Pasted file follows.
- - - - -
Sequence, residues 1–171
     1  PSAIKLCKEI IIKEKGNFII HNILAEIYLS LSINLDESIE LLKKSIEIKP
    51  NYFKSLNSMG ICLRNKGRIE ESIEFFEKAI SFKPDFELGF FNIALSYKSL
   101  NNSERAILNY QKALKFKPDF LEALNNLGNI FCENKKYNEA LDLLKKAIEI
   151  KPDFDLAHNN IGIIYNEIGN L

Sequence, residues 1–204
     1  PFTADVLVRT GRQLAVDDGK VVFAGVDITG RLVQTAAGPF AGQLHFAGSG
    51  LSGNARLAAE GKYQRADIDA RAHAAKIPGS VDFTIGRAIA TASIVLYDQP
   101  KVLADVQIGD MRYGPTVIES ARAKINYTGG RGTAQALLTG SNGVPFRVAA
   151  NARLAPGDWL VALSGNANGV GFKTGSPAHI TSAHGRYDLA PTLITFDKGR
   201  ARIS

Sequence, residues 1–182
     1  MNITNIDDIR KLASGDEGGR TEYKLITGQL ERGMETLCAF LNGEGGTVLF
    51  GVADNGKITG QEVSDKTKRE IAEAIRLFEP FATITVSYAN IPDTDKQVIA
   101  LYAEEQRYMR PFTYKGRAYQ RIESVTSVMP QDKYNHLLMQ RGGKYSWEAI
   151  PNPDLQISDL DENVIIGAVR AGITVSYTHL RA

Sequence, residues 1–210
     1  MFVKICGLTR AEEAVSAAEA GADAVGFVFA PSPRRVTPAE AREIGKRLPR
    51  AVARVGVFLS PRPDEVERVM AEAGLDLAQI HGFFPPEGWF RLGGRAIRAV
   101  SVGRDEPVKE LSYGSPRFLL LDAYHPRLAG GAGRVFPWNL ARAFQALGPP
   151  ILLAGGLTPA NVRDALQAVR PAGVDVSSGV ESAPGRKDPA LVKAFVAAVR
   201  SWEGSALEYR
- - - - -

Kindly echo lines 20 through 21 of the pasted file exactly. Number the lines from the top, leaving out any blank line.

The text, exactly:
   101  SVGRDEPVKE LSYGSPRFLL LDAYHPRLAG GAGRVFPWNL ARAFQALGPP
   151  ILLAGGLTPA NVRDALQAVR PAGVDVSSGV ESAPGRKDPA LVKAFVAAVR